Wargaming hired 40 war reenactors to act as infantry.

Above: Wargaming hired 40 war reenactors to act as infantry.

Image Credit: Wargaming

Wargaming wants to put you into a battle.

The company released a special video today called “1941 Battle: 360-degree Reenactment” that enables viewers to get an immersive look at what a World War II tank fight looked like. Wargaming worked with Google and The Bovington Tank Museum in Dorset, U.K. to record and accurately portray the fight, and you can watch it all in a video on YouTube. If you do, you can use your arrow keys or your mouse to look around and see different angles of the battles. If you want even more immersion, you can boot up the video on the YouTube app for the Google Cardboard VR holster for your smartphone to make it feel like you’re truly standing in the middle of the mayhem.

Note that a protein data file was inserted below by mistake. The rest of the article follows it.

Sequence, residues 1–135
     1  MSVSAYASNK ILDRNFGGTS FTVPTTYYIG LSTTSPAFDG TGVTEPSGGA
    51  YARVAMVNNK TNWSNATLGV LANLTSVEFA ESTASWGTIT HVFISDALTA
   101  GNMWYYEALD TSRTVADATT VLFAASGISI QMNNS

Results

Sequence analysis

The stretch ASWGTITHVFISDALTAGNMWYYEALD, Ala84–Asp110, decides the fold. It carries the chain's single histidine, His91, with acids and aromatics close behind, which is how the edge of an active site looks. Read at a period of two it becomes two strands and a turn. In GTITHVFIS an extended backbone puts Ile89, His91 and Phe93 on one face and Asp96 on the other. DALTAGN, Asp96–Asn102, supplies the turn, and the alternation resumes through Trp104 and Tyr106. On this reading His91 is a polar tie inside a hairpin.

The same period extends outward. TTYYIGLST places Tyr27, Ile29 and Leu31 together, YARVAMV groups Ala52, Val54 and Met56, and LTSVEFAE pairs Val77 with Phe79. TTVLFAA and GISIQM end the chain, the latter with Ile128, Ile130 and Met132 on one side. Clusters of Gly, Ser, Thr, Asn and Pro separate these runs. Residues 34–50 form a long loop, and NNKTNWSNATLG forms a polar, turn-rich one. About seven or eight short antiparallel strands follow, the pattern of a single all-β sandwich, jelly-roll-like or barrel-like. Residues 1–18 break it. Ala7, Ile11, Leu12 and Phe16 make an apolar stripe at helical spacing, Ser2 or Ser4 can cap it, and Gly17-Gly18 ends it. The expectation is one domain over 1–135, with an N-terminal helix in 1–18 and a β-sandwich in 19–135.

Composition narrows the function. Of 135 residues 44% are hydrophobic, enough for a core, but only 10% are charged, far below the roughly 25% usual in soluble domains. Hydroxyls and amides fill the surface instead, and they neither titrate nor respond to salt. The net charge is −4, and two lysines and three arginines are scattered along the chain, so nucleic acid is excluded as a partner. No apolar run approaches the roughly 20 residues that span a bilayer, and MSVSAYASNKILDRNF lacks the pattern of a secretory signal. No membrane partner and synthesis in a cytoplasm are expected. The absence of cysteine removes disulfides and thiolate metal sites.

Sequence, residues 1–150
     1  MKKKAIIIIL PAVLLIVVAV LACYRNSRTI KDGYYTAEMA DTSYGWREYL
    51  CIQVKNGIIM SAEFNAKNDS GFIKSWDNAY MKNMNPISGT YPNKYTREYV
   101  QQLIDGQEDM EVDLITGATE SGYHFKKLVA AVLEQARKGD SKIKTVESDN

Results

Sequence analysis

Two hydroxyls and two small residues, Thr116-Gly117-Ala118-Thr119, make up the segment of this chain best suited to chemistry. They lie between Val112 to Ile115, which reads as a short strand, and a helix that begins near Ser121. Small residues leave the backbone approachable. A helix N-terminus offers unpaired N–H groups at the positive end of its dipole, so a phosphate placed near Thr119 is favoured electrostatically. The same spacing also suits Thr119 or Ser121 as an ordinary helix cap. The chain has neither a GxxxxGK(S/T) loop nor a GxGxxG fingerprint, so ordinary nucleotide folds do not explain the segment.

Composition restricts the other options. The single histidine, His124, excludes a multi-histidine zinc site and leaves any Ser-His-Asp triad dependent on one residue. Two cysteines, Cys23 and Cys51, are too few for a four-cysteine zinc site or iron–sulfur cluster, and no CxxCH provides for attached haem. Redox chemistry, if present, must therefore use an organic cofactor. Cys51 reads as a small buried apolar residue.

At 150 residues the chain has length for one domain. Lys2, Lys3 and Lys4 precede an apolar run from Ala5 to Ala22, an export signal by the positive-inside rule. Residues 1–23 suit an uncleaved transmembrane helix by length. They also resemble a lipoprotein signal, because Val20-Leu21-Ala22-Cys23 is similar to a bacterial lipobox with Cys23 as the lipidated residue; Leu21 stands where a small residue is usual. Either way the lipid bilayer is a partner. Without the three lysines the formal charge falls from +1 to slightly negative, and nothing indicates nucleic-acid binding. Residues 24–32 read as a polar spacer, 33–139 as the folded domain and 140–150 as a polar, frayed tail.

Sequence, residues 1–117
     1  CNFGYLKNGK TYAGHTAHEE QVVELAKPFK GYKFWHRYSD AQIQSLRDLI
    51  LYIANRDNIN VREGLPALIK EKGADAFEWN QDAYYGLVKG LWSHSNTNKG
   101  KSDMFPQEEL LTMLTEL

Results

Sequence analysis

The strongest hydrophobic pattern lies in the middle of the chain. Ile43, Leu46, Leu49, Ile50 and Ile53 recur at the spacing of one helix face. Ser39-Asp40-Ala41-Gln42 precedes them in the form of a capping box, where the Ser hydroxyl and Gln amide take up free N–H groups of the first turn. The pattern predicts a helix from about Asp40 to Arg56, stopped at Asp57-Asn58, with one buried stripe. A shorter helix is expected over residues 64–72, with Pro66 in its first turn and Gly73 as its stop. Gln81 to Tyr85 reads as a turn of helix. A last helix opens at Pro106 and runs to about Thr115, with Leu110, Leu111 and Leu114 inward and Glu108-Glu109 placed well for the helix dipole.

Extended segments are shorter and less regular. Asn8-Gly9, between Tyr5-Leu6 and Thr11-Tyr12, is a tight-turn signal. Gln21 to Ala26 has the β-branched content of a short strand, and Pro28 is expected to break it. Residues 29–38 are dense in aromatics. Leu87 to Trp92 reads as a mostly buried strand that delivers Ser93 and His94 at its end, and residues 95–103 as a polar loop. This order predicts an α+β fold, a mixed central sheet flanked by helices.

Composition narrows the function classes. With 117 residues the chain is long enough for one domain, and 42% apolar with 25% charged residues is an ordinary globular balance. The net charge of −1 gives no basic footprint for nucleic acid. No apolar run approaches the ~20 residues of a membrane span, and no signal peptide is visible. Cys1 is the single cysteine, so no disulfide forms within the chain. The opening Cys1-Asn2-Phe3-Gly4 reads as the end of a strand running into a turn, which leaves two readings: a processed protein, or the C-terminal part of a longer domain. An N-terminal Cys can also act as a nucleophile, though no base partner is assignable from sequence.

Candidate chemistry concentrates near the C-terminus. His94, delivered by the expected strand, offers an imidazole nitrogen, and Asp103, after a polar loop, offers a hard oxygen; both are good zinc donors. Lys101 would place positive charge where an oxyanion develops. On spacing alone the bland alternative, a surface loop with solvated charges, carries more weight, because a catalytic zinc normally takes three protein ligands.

Check it out for yourself:

To bring the battle to life, Wargaming took to a field with a platoon of war reenactors as well as the T-34 and Panzer III tanks. The publisher even had artillery guns and planes flying over head. Then Google set up its 360-degree recording equipment, which is similar to the Google Jump technology it introduced earlier this year for enabling consumers to produce their own 360-degree VR videos.

This is more evidence at just how much money Wargaming has to market its free-to-play PC shooter. World of Tanks is a highly lucrative game that has caught on with gamers around the world — and especially in emerging markets like Russia and Brazil. While it doesn’t generate the same level of revenues as something like League of Legends (what does?), it’s in that second tier of globally popular PC games. It made approximately $400 million in 2014, according to the SuperData research firm. That was enough to put it in the top-five PC releases in terms of cash made from in-app purchases.

World of Tanks developer reenacts a 1941 battle for 360-degree video and virtual relaity